Diana Dimiri : She Moves In Her Own Way

Diana Dimiri Drawing.jpg

Diana Dimiri is no slouch. In the three years she’s spent on this campus she’s starred in dozens of plays and has directed, produced, costume-designed and written for others. All the while maintaining the image that she’s literally the coolest person you’ll ever meet. Oh and she is, if you didn’t already know.

We meet in her dimly lit living room on a dreary Friday night. She’s dressed up head to toe, like a film star about to head to the Vanity Fair Oscar party. I know from the moment I walk in to her apartment that this conversation will be different to most and not just because of her red-hot leather pants. We’ve also been friends for three years, since we first met in the basement of a house in Evanston, the stench of Skol vodka in our nostrils, as we met other international students as part of a bonding event.

We’ve seen glimpses of each other at our darkest moments. It’s because of this why I feel comfortable to talk with the student prodigy for journalistic purposes. While many traditional reporters would scoff at the idea of a friend interviewing another friend, it is that confidence between us which is why i believe I can speak with her, that and a nearly finished bottle of coffee-flavored gin which we slowly sip before our dinner at Mindy’s Hot Chocolate (as featured in this guide). As we speak, Dimiri has a smile on her face, one which is as infectious as her coquettish laugh. It would be easy upon first glance, not to take her seriously, to approach her as a simple drama kid with too much energy. You would be wrong to think this, there’s much beneath the surface to explore. Even with three years under our belts, even I understand that Diana has yet to come into her own, and that makes knowing her even more exciting.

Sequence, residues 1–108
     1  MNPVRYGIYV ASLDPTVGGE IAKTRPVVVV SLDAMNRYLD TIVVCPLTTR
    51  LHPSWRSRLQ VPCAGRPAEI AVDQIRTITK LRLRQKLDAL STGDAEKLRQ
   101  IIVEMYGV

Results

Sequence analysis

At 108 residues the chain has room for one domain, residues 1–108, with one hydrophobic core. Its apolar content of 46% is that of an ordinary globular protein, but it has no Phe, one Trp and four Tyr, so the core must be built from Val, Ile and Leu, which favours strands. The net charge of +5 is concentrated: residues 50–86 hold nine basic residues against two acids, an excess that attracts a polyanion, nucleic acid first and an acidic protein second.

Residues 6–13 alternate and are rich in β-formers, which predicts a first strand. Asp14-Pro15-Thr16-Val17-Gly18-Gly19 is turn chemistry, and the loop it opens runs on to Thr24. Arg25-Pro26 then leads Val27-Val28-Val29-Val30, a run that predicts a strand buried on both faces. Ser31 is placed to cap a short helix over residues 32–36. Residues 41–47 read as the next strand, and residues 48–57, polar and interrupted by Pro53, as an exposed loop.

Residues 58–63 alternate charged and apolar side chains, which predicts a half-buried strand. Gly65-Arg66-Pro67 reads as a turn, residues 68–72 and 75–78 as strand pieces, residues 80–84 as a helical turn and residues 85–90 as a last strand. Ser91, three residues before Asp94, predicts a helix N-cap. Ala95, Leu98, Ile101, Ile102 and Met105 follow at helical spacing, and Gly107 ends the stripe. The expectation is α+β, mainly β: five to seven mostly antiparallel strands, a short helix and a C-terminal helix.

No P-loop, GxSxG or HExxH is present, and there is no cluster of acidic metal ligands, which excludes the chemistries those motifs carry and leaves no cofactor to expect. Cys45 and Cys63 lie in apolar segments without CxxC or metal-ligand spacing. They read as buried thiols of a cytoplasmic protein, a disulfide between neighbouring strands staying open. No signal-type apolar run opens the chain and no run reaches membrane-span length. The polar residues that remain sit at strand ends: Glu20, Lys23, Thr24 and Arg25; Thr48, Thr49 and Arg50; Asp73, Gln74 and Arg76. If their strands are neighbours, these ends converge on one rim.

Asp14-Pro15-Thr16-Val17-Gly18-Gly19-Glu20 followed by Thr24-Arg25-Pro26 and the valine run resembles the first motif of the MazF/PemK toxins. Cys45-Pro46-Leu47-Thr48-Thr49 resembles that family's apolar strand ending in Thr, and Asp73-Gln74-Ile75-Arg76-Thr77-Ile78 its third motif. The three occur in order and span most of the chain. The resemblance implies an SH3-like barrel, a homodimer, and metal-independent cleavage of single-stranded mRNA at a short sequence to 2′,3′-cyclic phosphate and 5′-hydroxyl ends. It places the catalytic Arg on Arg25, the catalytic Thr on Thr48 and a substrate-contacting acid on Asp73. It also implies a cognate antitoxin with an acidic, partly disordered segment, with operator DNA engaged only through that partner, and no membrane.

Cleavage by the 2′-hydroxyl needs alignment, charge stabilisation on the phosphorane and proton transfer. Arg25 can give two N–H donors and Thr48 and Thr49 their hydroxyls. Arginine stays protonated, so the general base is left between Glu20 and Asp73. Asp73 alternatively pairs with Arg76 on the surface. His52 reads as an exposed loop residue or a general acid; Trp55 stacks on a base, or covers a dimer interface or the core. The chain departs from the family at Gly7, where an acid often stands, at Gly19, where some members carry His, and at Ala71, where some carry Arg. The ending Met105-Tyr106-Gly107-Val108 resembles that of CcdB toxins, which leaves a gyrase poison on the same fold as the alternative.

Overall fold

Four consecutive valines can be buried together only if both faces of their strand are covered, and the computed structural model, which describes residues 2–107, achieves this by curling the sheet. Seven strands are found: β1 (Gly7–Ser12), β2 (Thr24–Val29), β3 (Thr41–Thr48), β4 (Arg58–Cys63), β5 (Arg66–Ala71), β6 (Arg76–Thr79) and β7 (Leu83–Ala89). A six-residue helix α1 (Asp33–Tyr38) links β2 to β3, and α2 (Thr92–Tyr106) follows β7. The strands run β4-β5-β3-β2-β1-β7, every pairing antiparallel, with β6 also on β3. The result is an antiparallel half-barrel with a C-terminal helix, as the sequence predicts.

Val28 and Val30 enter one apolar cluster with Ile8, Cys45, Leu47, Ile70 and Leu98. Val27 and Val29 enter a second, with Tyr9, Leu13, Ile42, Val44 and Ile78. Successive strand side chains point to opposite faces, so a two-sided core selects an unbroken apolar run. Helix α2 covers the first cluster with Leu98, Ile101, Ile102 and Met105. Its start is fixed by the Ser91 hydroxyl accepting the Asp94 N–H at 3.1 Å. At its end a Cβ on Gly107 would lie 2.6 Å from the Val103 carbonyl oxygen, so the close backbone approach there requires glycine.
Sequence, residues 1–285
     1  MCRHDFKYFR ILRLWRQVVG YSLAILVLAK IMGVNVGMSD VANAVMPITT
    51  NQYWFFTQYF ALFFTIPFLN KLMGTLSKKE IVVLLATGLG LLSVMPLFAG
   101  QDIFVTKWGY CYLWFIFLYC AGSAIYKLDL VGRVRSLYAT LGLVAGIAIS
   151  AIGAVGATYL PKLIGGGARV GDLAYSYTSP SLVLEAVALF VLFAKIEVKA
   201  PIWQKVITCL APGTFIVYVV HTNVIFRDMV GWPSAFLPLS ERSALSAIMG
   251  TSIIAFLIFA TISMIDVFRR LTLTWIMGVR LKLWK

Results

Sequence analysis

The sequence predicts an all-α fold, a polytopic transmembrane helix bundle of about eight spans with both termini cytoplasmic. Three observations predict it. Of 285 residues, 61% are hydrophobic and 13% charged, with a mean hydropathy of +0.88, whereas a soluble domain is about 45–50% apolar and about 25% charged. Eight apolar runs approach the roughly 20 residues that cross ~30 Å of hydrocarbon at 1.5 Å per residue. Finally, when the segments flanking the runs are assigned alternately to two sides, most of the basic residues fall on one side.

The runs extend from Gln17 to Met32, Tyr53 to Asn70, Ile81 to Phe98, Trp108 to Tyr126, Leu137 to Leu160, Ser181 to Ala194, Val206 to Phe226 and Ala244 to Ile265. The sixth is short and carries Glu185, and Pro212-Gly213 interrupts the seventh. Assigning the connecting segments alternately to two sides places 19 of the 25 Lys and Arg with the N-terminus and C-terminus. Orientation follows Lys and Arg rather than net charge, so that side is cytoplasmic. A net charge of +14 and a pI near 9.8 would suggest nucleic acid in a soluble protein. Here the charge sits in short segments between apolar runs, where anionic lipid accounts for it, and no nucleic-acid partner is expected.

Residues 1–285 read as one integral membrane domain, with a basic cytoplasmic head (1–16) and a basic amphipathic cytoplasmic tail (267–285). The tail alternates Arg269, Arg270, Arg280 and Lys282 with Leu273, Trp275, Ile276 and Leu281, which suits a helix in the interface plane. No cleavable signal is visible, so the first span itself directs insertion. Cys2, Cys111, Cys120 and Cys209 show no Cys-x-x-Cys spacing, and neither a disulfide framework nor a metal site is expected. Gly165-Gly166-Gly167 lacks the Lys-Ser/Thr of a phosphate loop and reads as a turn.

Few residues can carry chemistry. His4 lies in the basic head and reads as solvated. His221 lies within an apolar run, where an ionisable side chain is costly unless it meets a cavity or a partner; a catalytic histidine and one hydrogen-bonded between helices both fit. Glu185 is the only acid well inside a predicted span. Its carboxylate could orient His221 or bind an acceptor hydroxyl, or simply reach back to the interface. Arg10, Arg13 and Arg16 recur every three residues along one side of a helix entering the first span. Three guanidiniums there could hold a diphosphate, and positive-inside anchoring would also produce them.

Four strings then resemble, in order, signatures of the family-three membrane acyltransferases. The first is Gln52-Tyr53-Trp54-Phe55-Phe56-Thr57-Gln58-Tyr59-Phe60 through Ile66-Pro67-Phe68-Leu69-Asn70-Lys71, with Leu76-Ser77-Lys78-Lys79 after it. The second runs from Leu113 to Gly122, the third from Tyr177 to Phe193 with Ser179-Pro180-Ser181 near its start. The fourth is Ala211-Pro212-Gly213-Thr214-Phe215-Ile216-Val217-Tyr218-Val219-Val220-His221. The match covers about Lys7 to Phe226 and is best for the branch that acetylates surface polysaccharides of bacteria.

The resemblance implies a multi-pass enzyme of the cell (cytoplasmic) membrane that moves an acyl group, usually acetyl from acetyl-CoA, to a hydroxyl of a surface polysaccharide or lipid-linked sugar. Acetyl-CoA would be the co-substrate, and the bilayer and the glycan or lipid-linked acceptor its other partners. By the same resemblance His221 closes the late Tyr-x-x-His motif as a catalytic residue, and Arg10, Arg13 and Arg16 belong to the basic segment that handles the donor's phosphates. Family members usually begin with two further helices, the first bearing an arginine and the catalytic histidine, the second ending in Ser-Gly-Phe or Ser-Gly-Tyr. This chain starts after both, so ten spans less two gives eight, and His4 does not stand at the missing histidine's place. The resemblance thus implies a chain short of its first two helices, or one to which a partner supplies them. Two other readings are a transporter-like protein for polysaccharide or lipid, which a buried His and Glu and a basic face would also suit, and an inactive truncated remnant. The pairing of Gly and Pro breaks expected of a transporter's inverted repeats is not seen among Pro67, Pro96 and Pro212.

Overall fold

Growing up in Lagos, Nigeria, the opportunities to experience the dramatic arts were few and far between. Yet it was in a traditional English boarding school, in “Speech and Drama” class where she aptly found her voice. Since then, she's taken full advantage of attending Northwestern to expand on her knowledge and experience. 

Diana started her college career with a bang, in the acclaimed show “For Colored Girls.” An emotional artistic vignette, filled with the kind of passion and storytelling that would come to define her short time on campus. Last year she stunned in the often confusing, but always intriguing “Sincerity, Forever.” For the uncultured of us (myself, occasionally included), we didn’t always understand her stint as Jesus (during our interview I referred to her role as ‘the demon’). Yet she speaks with a profound sense of maturity and comprehension. One which you sense few can master at their young age. Yet Dimiri holds herself like a woman not unscathed, yet not bruised by the world. A woman who keeps her experiences close to her chest and her mind, allowing them to inform her actions, her thoughts and her emotions, without victimization or self-pity.

Speaking to her in person you understand that her direction may be guided by a self-determination for others to see the side to the world that she loves. She speaks about wanting to show "Black joy," wanting to have movies with Black astronaughts or characters whose plot has nothing to do with race. This drive has seeped into her own work on campus. 

She picks projects carefully, with an understanding for the type of art she wants to create. When pushed about which type this it, she constructs her answer with poise and an almost forensic attention to detail. “I want to make art that explores the different types of voices in the world, and not just the majority, aren’t you tired of seeing shows of straight white dudes?”